On December 1 Learjet 36 N26FN with two pilots and one passenger aboard lost its right elevator while maneuvering off the coast of San Diego. L-3 Communications Flight Capital was operating the airplane under Part 91. The NTSB said the local public-use flight departed North Island Naval Air Station, San Diego, about 9:30 a.m. VMC prevailed and no flight plan had been filed.
Conventional winglets have come to be widely used on airliners, whether in the form of the Airbus A320’s wingtip fence or the up-swept devices characteristic of the A330/340 and Boeing 747-400. And if winglets are good, shouldn’t bigger ones be even better? Wingmaker Airbus UK has been investigating their potential.
Winglets increase efficiency by reducing lift-induced drag. They do this by relocating and diminishing the vortex at the wing’s tip, resulting in lower fuel burn, higher cruise speed and longer range.
Supersonic business jet hopeful Aerion is still building a consortium to develop its airplane. In March the board of the Reno, Nevada-based company approved continued funding of the project through to program launch.
Research carried out in the field of supersonic transport within the European Commission’s 6th Research Framework Program (FP6) has come into the spotlight recently since Italy’s Alenia and Russian design bureau Sukhoi concluded a cooperation agreement.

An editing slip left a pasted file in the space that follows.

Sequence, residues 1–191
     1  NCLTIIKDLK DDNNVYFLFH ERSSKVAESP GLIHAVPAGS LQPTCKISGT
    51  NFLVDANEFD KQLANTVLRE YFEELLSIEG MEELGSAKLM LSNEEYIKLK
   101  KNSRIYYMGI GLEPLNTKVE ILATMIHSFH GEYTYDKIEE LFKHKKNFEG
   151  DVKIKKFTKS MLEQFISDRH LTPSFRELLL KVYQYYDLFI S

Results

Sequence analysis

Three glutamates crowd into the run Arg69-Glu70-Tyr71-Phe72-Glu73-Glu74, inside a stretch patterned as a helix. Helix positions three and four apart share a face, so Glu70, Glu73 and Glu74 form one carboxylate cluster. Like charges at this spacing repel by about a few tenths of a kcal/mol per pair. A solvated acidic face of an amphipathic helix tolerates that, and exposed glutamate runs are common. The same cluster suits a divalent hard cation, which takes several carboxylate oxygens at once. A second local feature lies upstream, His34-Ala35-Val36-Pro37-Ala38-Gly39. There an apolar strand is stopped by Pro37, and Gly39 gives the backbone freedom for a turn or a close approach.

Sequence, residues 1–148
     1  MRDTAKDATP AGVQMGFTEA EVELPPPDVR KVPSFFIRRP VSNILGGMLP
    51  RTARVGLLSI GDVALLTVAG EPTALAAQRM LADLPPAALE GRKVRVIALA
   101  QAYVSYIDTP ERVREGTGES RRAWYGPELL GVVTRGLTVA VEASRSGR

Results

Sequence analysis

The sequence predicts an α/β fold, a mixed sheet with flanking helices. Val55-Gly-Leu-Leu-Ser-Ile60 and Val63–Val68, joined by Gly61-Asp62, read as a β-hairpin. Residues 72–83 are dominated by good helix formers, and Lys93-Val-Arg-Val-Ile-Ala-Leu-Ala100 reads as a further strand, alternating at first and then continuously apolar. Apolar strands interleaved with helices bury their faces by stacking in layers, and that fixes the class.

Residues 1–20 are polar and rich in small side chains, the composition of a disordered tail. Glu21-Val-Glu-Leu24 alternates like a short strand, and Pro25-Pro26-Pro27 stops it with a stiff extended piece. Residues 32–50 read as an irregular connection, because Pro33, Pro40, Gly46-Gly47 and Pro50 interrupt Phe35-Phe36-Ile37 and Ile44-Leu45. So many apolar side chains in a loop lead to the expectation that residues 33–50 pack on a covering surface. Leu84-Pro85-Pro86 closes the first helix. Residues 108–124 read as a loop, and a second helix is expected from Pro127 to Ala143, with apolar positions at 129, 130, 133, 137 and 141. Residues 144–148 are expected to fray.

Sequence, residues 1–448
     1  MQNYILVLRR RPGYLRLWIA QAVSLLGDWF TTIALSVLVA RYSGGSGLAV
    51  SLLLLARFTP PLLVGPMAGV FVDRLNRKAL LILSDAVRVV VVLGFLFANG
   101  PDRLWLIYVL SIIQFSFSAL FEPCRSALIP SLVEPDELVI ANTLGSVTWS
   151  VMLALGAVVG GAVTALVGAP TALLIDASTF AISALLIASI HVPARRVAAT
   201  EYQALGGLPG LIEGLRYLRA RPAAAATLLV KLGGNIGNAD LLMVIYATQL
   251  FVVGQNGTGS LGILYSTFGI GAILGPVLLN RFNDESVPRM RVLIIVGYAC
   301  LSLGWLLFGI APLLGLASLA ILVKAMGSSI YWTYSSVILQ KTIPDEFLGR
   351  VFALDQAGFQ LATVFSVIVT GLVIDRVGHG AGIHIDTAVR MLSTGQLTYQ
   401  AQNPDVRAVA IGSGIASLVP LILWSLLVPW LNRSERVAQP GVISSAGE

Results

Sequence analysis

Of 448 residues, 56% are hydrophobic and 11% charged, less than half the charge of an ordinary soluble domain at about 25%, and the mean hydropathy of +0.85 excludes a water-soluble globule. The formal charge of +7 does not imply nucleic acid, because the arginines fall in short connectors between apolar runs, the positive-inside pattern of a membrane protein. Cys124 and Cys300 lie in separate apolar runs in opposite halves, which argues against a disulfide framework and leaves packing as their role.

Gulfstream Aerospace president Bryan Moss has dismissed the company’s long-discussed “Quiet Supersonic Jet” (QSJ). At a press conference at EBACE earlier this month, he asked, “Will Gulfstream build a supersonic business jet? Read my lips: No!” He said the company is devoting its research efforts in this field to two issues: rule changes that would allow supersonic flight over land and sonic-boom suppression.
The NTSB’s recently released final report implicates errors and FAR violations in the Nov. 30, 2004 fatal accident of a Hansa Jet moments after taking off. The crash killed both pilots, including the founder, owner and president of Toledo, Ohio-based charter operator Grand Aire Express. An FAA permit to ferry the twinjet from Spirit of St.
Canada’s National Research Council, NRC Aerospace (Hall 4 Stand C17a), is gathering detailed wake turbulence data with a specially equipped aircraft. NRC’s CT-133, a former military trainer, has just completed instrument test flights. Researchers are focusing on en route wake turbulence behind commercial aircraft, which seem to be more dangerous than expected.
Boeing is using Qinetiq’s low-speed wind tunnel for continuing evaluation of the 747-8, the latest iteration of the world’s first twin-deck widebody jetliner now midway through its fourth decade. The facility is located here at Farnborough, on the north side of the airfield.
An excerpt from the NTSB’s update on its investigation into the crash of the Cirrus SR20 that hit the 30th floor of an apartment building on October 11 while trying to make a U-turn over the East River (New York) provides insight into the role of the wind. “Radar data indicate that the airplane was flying over the east side of Roosevelt Island prior to initiating a 180-degree turn.